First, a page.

Australia's historic hearing into child sexual abuse begins

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Among the opening revelations in the historic Sydney hearing of a Royal Commission into child sexual abuse on Monday, is the systematic failure of child protection, with the commission already providing a damning insight into Australia's institutional response.

The first hearings have focused on the predatory scout leader, Steven Larkins, who was first investigated by Australian police for child sexual abuse more than 13 years before he was eventually jailed. However one of his victims told the commission that police incorrectly warned the victim of the unlikelihood of prosecution.

Australia's Royal Commission into Institutional Responses to Child Sexual Abuse is examining how organizations processed allegations of abuse from predators such as Larkins who was head of an institution for children for almost 20 years after the Scouts had been warned about him in the mid-1990's.

The long-awaited commission has only materialized after a damning open letter in November last year from a leading detective, promoting Australian state Premier Barry O'Farrell to launch a Special Commission of Inquiry into the child abuse allegedly rife within the Australian Catholic Church.

In a packed first session Monday, counsel assisting Gail Furness, SC, said that as well as looking into the case of Larkins, who was jailed last year for a range of offenses including aggravated assault, the hearings would examine the case of convicted child abuser and former YMCA childcare worker Jonathan Lord.

Olivia Monaghan from the University of Melbourne said that while the commission and its wide ranging scope for inquiry is to be welcomed, there are holes within the fabric that victims will fall through.

"The high rate of suicide amongst victims of child sex assault needs to also be recognized, and the experiences of their families should not be forgotten. They too deserve support." She said.

One of the challenges facing the inquiry will be the sheer scope and breadth of victims coming forward, with reports that the commission has had up to 5,000 points of contact from Australians claiming to have suffered child sexual abuse during extended contact with Australian institutions including hallowed exemplars of society from the Catholic and Anglican churches, to the Scout movement and beyond.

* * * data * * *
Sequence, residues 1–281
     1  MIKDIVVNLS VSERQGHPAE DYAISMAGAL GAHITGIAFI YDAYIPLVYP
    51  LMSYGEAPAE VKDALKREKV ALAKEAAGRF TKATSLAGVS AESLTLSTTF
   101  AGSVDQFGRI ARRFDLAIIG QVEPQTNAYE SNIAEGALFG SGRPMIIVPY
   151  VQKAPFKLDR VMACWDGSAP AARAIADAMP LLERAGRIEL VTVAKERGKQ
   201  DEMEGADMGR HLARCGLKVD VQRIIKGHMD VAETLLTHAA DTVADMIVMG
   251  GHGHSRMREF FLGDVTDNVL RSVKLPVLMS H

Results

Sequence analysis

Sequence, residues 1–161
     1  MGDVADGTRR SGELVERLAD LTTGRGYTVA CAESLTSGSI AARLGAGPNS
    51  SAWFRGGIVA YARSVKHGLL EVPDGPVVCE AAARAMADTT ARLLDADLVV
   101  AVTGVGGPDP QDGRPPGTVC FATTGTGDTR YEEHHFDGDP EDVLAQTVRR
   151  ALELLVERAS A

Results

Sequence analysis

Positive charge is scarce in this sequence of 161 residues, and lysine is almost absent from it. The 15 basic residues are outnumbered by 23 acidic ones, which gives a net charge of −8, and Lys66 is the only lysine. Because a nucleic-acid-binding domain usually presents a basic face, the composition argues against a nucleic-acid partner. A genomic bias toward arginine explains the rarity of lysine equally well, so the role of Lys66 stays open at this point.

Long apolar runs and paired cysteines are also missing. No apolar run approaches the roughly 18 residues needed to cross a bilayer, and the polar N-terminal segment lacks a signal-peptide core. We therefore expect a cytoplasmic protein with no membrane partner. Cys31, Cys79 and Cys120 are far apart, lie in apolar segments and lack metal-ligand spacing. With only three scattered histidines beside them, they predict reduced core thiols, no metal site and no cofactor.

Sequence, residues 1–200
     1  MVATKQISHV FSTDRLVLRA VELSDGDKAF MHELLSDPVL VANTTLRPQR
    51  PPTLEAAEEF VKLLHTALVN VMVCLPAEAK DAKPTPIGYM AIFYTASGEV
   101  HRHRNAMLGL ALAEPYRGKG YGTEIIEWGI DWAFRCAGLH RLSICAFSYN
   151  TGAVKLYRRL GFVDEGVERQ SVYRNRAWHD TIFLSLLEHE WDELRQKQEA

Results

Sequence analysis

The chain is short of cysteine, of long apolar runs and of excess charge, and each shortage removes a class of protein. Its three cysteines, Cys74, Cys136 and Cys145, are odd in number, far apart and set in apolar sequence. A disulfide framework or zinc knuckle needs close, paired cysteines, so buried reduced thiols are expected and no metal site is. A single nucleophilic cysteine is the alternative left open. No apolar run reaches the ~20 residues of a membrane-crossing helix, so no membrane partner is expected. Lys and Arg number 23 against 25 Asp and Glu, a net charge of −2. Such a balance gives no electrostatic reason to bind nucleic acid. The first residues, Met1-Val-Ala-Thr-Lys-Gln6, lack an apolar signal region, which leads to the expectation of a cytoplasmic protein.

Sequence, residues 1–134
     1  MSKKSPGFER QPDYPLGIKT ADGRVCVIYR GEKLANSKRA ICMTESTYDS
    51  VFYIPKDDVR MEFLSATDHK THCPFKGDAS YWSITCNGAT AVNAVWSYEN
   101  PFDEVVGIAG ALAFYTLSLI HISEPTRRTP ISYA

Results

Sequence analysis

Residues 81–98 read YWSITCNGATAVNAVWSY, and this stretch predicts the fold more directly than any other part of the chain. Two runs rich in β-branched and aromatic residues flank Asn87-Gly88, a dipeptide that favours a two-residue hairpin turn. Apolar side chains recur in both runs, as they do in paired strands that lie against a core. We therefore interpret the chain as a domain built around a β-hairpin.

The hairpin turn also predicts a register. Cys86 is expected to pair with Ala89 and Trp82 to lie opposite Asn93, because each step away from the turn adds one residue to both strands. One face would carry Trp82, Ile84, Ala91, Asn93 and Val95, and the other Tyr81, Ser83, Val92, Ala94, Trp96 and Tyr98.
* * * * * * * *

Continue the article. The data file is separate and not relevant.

Olivia Monaghan has lobbied for the addition of an wholly independent investigative body, empowered to act outside the scope of the commission.

She said"A nation-wide, coordinated approach to investigations and research is integral to the success of this Royal Commission."

"With the number of victims so high, however, the key will be to balance efficiency and effectiveness. This can be achieved through the use of an independent investigative body, as well as strongly regulated state co-operation, and thorough supporting legislation."

The legacy of institutional child abuse first made headlines in 2012 after allegations of a cover up within the priesthood of the Catholic Church in the Hunter region outside Sydney, came to light through an explosive public letter appeared to shame officials into action.

"These matters have been raised by a senior serving officer, and deserve to be fully investigated," the New South Wales premier Barry O'Farrell, told journalists.

The inquiry was sparked by allegations of cover-ups and church interference in police investigations, which were highlighted in the open letter by then Detective Chief Inspector Peter Fox.

Fox wrote"I have investigated so many sexual assaults in my 35 years of policing I've lost count.

"Having spent most of those years at the coal-face I have seen the worst society can dredge up, particularly the evil of peadophilia within the Catholic Church," He continued.

Inspector Fox wrote that victims of child abuse in the Catholic Church are "coming forward in ever-increasing numbers but they need our support".

Fast-forward almost one year and only now are Australians bracing themselves for what are certain to be painful and disturbing revelations.

Revelations that are to put a very human face to the toll of institutionalized child abuse over a long period.

On just its first day the commission heard that in July 1998, one year after one of Steven Larkins' victims first alerted police, Senior Constable Pamela Amloh, falsely reported that prosecutors had advised the case was unlikely to proceed.

The mother of this victim was given this false information soon after.

This information was eventually passed on to the victim, but by then it was too late.

He had indicated he was no longer willing to go ahead after delay.

Larkins was never pursued for the alleged abuse and even went on to work for the scouts showering, writing love notes and continuing abuse of children - before moving into an organization for Aboriginal children in the Hunter region.

He was finally arrested in 2011 and jailed in 2012.

At the time of the initial whistle-blowing, Detective Fox wrote of his frustration and disgust with institutional responses to child abuse.

Justice Peter McClellan, leading the commission, has indicated that he expects many Australians will be shocked at the extent of the abuse.

Fox is now leading community calls for action. "Removing the support that harbors these criminals is like cutting the head from the beast. It tears down the veil of secrecy behind which these vile animals operate with the self-assurance of immunity," He said. Endi

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